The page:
In the wake of a personal tragedy, Tiger McKee set off on a journey. The Book of Two Guns took grew from there.
It’s called a musha-shugyo by Japanese marital artists: a training pilgrimage to master your discipline. McKee’s goal was mastery of the shooting arts as applied to combat and self-defense, which he presents as a martial art. The book began as a training journal, and grew into a detailed presentation of weaponscraft.
There’s a lot to learn from this work. McKee’s approach is grounded in the fundamentals: body mechanics, human physiology, the subtleties of sight and hearing. While McKee focuses on the titular two guns–the AR15 and the M1911–most of what he presents is applicable to any weapons system. He especially notes the applicability to shotguns, an overwhelming common home defense weapon.
This is not a book aimed at competition shooters, although I suspect many of them would find its lessons useful. It’s about combat, pure and simple, intended for an audience of CCW folks, law enforcement, or perhaps the military. The uses of cover and concealment, the technique of flashlight use, tactical movement, room clearing, and weapons retention are all discussed in depth. The presentation is clear and systematic, each new technique building on previous material. This is truly a martial art for firearms, beautifully realized.
The visuals deserve special mention. McKee’s illustrations are pen-and-ink line art, filling the pages with an austere beauty reminiscent of classical Japanese painting. But they’re more than decoration. The artwork contains the bulk of the knowledge McKee is working to impart, and his use of detail is masterful. Ideas that might be confusing in print are rendered clearly and effectively, making the point easy to absorb.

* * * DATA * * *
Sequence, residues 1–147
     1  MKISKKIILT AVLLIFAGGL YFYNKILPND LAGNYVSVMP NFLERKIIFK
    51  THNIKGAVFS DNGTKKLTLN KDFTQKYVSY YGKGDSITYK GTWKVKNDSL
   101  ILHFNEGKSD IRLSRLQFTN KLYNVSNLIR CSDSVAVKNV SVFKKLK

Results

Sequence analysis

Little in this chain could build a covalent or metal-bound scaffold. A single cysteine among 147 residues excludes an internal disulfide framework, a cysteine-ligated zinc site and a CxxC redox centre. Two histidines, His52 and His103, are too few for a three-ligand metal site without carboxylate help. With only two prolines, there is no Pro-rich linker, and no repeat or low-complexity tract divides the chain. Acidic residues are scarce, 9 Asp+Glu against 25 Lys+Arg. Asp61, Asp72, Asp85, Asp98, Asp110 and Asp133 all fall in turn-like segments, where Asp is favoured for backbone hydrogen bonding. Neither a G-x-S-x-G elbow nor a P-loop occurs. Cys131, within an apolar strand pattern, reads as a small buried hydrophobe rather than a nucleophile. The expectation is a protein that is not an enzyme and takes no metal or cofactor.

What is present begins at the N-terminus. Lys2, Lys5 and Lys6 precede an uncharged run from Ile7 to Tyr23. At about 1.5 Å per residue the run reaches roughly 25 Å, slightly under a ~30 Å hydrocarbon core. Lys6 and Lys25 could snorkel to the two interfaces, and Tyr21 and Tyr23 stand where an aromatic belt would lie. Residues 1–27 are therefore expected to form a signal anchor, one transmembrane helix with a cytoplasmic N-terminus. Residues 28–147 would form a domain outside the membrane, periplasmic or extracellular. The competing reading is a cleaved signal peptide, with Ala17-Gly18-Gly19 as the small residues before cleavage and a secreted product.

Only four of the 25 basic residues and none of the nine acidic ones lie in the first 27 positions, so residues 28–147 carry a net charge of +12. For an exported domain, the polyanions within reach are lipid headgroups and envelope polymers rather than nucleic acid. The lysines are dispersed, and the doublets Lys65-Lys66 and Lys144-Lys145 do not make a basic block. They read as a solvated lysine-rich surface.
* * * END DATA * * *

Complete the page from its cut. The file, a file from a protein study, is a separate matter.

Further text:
A great deal of the skills taught can be practiced without weapons. While reading it for the first time, I found myself getting up to run through the techniques of tactical movement. Simple things like the safest way to look around a corner or making best use of a flashlight are vital, and often under-practiced. Here they’re presented clearly and organically as part of the art McKee has developed. Though McKee doesn’t delve very far into this, the text implies that many of these lessons could be incorporated into a hand-to-hand discipline as well.
I should also note that the tactics presented in The Book of Two Guns are designed for a solo operator. Even when discussing how to fight a group of armed adversaries, the assumption is that you’ll be acting alone. I suspect this is deliberate on McKee’s part: his approach stems from his own solo journey and the goal is mastery of the art for self-defense, not group action. However, readers looking for that kind of thing will need to do some additional reading.
In summary: this is a must read for anyone serious about self defense with firearms. It’s a fantastic reference and a detailed guide to your own training journey. I keep a copy in my range bag–I think McKee would approve.